Home Education Hobbs elementary students to be offered five library books this summer

Hobbs elementary students to be offered five library books this summer

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Hobbs elementary students to be offered five library books this summer

With an aroma of steak and baked potatoes, the Edison Elementary faculty and staff celebrated the end of the school year Wednesday.

Edison principal Pat Duran, librarian Julie Rodriguez and Hobbs Superintendent TJ Parks sat next to each other while everyone enjoyed their hearty meals. Soon after, Rodriguez addressed the faculty and staff.

“Mr. Parks has been telling us about something new,” Rodriguez said. “He read an article that said students in schools where there are lots of kids on free or reduced lunches progress at about the same rate during the school year, but they lose more over the summer break than kids at richer schools lose. So, he’s mandated that every student in an elementary school in Hobbs be allowed to check out five books to take home this summer.”

“What if they don’t bring them back?” one teacher asked.

“That will be all right,” Rodriguez said. “The object is to get the books into students’ hands and hope they read this summer.”

Thursday, Parks said sending books home with students is not part of a defined program, but is the result of an article he read.

“This author said that if kids take 10 books home in the summer, they don’t lose as much reading skills. We looked at our school libraries and decided we didn’t have enough books in each grade level to send 10 books, so we decided on five.”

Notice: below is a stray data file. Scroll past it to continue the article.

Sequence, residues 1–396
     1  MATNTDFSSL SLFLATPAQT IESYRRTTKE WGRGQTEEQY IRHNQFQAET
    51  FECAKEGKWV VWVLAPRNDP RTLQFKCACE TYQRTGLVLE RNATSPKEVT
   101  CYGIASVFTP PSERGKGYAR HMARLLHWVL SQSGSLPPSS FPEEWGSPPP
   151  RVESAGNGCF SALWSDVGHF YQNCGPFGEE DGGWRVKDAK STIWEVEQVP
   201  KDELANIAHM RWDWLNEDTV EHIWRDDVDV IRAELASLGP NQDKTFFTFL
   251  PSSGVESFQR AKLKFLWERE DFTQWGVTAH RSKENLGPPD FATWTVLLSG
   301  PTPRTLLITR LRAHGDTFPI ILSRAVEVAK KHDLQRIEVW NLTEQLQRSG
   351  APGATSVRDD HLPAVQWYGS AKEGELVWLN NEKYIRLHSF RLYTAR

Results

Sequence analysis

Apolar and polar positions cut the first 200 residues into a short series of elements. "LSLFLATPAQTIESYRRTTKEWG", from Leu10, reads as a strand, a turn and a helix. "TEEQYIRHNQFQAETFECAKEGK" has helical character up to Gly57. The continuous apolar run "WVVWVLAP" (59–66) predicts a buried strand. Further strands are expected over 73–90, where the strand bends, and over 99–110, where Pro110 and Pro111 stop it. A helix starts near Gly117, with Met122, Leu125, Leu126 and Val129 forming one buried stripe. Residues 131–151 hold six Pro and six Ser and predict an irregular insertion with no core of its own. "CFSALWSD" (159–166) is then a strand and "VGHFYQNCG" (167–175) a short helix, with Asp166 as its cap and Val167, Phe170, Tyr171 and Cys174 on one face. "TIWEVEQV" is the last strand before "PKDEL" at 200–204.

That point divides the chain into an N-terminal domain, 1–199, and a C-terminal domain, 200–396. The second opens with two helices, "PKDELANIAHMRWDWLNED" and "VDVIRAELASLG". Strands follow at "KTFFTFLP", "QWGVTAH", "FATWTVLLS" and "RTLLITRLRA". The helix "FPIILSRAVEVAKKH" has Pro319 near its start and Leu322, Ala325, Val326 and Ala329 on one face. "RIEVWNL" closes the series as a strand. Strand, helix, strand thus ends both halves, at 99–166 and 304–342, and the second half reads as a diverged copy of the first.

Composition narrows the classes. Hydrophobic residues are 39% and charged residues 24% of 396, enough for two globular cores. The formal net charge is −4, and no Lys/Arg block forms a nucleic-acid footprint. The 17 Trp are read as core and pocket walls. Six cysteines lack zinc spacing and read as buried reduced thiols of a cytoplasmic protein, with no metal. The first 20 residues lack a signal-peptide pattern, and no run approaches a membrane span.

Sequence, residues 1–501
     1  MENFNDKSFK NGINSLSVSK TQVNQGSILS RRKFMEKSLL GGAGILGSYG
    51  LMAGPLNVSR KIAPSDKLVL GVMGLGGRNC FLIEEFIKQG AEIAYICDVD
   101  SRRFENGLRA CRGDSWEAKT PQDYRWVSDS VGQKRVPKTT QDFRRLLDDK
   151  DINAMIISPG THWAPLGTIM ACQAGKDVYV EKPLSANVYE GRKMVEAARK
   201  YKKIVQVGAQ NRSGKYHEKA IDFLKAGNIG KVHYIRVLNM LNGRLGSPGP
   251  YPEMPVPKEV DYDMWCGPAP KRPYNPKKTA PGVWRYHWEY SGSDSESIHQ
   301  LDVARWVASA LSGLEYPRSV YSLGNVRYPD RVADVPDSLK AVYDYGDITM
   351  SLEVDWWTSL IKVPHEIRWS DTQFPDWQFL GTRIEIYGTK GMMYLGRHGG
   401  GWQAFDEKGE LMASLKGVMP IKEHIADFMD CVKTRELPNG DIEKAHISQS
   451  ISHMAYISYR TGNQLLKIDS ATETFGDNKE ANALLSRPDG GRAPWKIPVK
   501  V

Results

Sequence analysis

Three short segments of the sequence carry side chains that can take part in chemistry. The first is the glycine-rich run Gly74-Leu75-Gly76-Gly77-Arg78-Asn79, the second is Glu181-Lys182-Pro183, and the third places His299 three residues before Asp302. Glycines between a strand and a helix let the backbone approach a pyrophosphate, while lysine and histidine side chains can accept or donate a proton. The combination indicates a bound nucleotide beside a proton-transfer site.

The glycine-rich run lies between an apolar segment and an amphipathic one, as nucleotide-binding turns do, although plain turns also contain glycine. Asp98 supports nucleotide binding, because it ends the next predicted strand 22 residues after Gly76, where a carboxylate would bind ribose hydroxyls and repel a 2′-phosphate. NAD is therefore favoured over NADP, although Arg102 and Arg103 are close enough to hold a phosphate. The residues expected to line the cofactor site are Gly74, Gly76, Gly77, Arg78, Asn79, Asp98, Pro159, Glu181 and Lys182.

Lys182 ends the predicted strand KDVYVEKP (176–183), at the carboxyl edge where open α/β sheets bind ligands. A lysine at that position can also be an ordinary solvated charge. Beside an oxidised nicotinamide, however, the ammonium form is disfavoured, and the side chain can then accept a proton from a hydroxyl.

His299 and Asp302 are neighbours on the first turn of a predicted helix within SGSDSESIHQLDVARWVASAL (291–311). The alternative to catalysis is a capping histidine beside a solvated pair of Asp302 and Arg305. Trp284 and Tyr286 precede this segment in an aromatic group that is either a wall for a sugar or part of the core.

Parks said in schools that have tried sending books home with students, 90 percent of them have come back.

“We think we’ll have that kind of return. And we’re going to offer an incentive. If a student brings back every book, we’ll give a day pass to the CORE (Center of Recreational Excellence),” Parks said.

As for the problem of replacing books that might not come back, Parks said the J. F Maddox Foundation offered $5,000 to each Hobbs school library that participated in the program.

“They didn’t make this offer before we decided to try this,” Parks said. “(The) Maddox (Foundation) is interested in early literacy programs. And I believe that being a good reader is the key to success in school and career. I’m really excited about this. We’ve already ordered book bags for the kids to use when they check out their books. I think it will be a great thing for kids. What we’re in business for is kids.”

That’s the attitude Edison teachers expressed at Wednesday’s celebration. Each of them received a black T-shirt emblazoned in gold letters with a command to both students and teachers.

“Be amazing, brave, inspiring, unstoppable, the difference,” it reads.

“I’m not waiting to wear this T-shirt,” one teacher said. “I’m wearing it tomorrow.”

Burkett Shaw
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